After a meal so stunning dessert was a must – a short list, made in house and unprinted - our waiter recited them all off in great detail. Discussing a moment amongst ourselves while he went to the kitchen to prepare my second La Prima Coffee of the day we came to consensus – as usual, all different orders with lots of sharing. Arriving after approximately 10 minutes, along with a coffee refill, was Mom’s option – the Meyer Lemon Tart with Whipped Cream and Blackberries. Sweet and sour the creamy custard met the buttery crisp crust nicely – not a fan of lemon desserts in general I thought it was good while mom felt it was the second best Lemon Tart she’d ever had.
For my sister’s selection she targeted the “newest item on the menu” – the Bavarian Chocolate and Hazelnut Tart with Local Strawberries. Served in a buttery crust similar to my mothers, Erika’s tart would consist of a creamy whipped dark chocolate mousse loaded with what I can only describe as “Chunky Hazelnut Butter.” Something like a “dark” Nutella pie the simplisticy of the tart was matched only by its decadence.

For my dessert the decision was between cheesecake and the dish our server described as the “house special.” With everything exceptionally special so far I went with the obvious – a simple and decidedly indulgent Rich Chocolate Cake with Peach Ice Cream. Served almost like Keller’s Bouchon dessert the thick, rich, and warm cake was topped with a large scoop of ice-cream that tasted like a melting peach without the fuzz. Focusing on the cake – the texture was almost that of a steamed pudding – a little wet, but “set” and hefty. Complimenting the dish with fresh berries, chocolate sauce, house made whipped cream, and sliced candied almonds rounded out a fantastic presentation and closed a wonderful meal.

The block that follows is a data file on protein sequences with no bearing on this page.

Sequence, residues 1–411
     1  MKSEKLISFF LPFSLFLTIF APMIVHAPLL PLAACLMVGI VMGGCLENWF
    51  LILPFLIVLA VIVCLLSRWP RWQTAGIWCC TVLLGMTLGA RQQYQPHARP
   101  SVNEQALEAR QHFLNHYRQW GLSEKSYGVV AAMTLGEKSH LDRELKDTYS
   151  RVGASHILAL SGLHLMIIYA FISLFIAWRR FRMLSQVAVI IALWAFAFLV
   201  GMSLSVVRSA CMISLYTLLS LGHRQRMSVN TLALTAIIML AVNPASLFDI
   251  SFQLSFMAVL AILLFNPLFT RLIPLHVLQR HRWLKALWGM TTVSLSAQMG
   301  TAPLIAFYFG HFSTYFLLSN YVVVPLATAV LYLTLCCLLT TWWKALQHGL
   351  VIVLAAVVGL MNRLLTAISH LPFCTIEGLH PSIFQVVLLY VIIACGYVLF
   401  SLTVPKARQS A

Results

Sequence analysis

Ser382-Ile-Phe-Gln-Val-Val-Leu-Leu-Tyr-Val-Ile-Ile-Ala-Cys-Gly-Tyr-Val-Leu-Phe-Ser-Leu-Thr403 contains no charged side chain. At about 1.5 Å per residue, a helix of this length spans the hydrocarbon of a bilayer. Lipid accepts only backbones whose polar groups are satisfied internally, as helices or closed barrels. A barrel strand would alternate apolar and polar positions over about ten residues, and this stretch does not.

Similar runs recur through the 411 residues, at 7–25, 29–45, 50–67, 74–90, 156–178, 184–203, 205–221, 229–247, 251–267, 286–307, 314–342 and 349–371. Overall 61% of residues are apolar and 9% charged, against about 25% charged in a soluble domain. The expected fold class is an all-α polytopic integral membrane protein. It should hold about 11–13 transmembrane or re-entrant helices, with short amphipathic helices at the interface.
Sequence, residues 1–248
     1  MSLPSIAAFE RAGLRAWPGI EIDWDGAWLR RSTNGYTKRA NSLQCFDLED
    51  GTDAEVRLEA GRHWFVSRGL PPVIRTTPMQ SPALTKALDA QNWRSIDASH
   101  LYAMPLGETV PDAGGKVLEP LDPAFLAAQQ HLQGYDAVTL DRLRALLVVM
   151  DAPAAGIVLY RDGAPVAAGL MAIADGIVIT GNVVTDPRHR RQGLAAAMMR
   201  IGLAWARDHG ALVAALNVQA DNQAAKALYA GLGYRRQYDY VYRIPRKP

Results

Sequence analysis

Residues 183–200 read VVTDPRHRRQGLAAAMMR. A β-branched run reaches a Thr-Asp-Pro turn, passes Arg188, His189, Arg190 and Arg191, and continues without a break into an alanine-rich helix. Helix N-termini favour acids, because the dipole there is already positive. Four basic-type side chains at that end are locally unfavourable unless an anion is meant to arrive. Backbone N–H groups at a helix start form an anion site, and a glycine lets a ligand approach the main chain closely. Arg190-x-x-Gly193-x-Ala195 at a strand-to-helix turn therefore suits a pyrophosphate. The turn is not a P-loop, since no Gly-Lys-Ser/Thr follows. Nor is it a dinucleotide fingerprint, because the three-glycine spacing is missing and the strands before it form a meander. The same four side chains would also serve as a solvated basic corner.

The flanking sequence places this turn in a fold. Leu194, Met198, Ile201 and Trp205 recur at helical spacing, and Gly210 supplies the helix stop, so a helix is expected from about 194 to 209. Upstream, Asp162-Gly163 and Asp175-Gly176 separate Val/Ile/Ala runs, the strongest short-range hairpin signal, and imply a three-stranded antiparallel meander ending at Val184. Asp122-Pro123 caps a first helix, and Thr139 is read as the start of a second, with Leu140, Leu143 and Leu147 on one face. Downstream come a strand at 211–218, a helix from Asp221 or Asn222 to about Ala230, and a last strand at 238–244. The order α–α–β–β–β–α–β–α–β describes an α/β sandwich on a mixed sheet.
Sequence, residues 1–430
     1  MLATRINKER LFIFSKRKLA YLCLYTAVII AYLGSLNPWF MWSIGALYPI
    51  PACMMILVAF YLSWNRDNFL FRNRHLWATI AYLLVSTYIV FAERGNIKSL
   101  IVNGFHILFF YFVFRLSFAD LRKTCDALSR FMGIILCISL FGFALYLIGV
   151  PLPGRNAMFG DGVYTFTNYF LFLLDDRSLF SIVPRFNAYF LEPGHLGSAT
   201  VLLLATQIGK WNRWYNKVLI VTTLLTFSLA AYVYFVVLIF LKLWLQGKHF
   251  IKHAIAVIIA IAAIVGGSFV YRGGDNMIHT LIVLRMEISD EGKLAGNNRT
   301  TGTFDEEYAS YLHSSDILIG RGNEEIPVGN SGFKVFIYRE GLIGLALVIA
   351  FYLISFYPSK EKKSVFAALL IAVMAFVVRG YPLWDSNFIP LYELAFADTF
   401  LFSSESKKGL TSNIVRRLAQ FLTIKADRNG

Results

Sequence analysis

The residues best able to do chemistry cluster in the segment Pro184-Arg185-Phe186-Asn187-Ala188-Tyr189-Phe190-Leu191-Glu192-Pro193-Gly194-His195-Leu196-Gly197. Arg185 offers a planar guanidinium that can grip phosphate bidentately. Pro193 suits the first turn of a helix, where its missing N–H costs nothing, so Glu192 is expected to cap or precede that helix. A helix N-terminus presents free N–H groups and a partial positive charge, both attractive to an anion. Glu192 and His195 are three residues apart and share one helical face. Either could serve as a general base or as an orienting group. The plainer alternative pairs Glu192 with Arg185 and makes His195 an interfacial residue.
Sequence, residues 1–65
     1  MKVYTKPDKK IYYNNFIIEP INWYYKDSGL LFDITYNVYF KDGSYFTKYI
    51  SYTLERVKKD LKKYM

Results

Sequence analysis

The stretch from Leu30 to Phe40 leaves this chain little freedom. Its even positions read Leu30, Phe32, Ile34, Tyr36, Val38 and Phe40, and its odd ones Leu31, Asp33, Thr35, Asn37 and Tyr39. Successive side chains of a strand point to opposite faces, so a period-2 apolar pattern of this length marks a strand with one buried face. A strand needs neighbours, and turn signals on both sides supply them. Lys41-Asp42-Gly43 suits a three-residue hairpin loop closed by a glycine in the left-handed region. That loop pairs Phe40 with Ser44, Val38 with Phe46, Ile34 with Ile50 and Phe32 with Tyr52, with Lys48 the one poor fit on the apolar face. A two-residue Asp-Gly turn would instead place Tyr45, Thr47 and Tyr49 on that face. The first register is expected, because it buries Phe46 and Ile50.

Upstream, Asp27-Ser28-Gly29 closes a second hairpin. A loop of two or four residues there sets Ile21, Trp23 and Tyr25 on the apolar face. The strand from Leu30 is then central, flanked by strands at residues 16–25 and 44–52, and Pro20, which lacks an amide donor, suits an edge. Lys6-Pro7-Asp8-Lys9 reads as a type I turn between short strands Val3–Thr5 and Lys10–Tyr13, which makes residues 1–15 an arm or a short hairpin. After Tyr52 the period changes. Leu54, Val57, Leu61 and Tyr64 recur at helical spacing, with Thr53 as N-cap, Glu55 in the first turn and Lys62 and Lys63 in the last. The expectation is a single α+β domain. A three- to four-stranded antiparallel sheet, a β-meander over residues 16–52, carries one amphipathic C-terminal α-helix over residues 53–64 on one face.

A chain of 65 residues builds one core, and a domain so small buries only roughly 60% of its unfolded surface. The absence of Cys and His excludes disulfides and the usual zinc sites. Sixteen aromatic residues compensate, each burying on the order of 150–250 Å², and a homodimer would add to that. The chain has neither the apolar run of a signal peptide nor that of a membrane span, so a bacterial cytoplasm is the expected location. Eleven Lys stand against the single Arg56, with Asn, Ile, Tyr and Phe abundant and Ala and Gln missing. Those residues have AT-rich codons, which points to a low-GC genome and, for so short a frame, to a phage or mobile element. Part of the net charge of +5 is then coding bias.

With a long drive ahead of us our server brought us the bill – I was actually sad the meal (and trip) was over…if only we’d have had more time for a tasting. Settling the tab the Maitre D’ stopped by and asked how everything had been – we told him fantastic and he said he would pass the information on to the chef…whether he did or did not I can’t be sure. What I can be sure of, however, is that our meal at Bona Terra was one of those experiences that makes you realize just how good largely unmanipulated fresh fruits, vegetables, and proteins can be when placed in the hands of a skilled chef. Great food, wonderful service, and a nice location without all the hype and frills – a “hidden gem” if there ever was one.

Bona Terra Restaurant
908 Main St, Pittsburgh, PA 15215

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  1. I have lived in New York City for the past 10 years but am a Pittsburgh native - I am equally a fan of Babbo and The O. I have been fortunate in my life to visit some of the worlds finest dining establishments . . . that said, I have never encountered the outright snobbery and "better than you" attitude as I found at Bona Terra last evening.

    To be fair, I did not have a reservation for this restaurant as I was finding myself in Pittsburgh at the last minute. But,I read the reviews for this place and did my research and decided I should try to get lucky and find a way to eat there. When I entered the restaurant around 9:20pm with a party of 3, I was only hoping to wait to be seated for late dinner. The bartender and waitress behind the bar greeted us with a look that can only be described as "incredulous" as if the idea of eating there without a reservation and after 8pm was unbelievable. They told me they would have to look for the maitre de.